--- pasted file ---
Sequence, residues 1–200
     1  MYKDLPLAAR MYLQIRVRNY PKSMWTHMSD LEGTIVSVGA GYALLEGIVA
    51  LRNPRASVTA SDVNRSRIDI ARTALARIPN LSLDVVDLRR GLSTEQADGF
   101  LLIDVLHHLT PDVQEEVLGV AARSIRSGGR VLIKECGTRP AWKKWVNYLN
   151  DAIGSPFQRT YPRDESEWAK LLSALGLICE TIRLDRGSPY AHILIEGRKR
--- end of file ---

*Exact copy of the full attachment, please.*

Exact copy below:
Sequence, residues 1–200
     1  MYKDLPLAAR MYLQIRVRNY PKSMWTHMSD LEGTIVSVGA GYALLEGIVA
    51  LRNPRASVTA SDVNRSRIDI ARTALARIPN LSLDVVDLRR GLSTEQADGF
   101  LLIDVLHHLT PDVQEEVLGV AARSIRSGGR VLIKECGTRP AWKKWVNYLN
   151  DAIGSPFQRT YPRDESEWAK LLSALGLICE TIRLDRGSPY AHILIEGRKR